The Solace of Nature

On a winter night.

Posted Dec 04, 2018

Patricia Prijatel
Source: Patricia Prijatel

The sun has to work especially hard on a cold evening, which makes its light feel that much warmer.

Light, of course, is all about perception, both physical and mental.

The physical mechanism is complex, with multiple pieces and parts that could go wrong, leading to images that are too dark, too bright, fuzzy, blurred, off-kilter, or completely gone.

A simple primer on how it works:  The iris controls the amount of light that enters our eye; the light then goes through the cornea into the lens, and down to the retina, which uses rods to send an electrical message to the brain through the optic nerve.  

That’s how the light gets in and to our brain. The physical part. The mental aspect is how we process the images that get to our brains.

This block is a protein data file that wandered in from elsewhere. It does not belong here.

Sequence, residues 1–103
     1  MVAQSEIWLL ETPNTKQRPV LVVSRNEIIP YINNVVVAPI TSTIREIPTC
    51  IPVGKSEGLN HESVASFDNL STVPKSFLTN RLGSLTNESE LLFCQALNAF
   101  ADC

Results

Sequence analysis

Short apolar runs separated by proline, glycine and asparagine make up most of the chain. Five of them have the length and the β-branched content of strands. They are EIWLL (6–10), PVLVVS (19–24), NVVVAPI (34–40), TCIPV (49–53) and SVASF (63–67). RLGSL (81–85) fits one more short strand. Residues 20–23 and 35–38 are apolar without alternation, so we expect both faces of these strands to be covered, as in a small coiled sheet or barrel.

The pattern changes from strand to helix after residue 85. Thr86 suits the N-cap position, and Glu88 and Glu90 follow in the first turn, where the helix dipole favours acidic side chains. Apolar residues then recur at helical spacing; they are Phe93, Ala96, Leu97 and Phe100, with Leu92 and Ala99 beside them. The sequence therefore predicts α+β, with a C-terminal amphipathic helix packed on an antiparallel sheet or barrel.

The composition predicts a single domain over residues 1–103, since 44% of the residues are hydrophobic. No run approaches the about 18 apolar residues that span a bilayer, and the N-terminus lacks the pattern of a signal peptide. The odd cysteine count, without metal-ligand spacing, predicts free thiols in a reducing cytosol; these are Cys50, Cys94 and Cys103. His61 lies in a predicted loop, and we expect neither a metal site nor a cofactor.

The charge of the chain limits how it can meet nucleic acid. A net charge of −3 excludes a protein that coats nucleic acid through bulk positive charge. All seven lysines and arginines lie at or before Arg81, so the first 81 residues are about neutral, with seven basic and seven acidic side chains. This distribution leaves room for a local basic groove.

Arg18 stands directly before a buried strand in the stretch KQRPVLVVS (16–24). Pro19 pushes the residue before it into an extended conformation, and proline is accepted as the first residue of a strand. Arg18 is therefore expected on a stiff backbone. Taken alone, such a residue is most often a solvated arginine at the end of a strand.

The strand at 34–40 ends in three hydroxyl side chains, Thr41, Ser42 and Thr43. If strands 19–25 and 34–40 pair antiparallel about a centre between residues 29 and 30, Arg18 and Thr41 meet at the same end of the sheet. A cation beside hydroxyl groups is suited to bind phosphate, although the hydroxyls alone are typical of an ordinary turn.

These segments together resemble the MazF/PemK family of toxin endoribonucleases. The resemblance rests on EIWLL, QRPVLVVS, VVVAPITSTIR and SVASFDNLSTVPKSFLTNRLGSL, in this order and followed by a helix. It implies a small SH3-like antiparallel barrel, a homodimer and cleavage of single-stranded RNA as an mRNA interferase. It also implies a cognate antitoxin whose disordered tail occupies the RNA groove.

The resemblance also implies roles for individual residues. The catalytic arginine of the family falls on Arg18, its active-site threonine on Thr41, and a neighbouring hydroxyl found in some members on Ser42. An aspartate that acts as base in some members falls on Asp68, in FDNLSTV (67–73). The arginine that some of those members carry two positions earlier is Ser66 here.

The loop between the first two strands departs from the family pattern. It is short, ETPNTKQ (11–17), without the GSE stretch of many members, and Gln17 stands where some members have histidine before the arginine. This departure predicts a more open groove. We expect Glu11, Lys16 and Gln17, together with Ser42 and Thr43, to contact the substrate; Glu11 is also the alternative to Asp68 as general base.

We make mental notes about the meaning of what we see and place it into the context of our lives and our environment.

Light has a different meaning on a cold winter’s day, offering the hope of warmth and a memory of spring. It feels like the sun is putting more effort into our comfort, so the light in winter can feel more precious.  We see it less often, so a few rays can give us immense hope and joy.

We are molded by our crises, made into humans by the darkness and cold that we encounter. On a cold day, we give thanks for a warm coat and gloves, physical protection that keeps our bodies warm.

But the sight of the sun can do more than just keep our noses warm. It can show us that light can make its way through the clouds and, when it does, it is a remarkable blessing.

So, as you fight your darkness—cancer, depression, financial stress, family crises, the death of a loved one—remember that light is there beyond the clouds. It will break through. You will see it. You will find it. And it will be wonderful.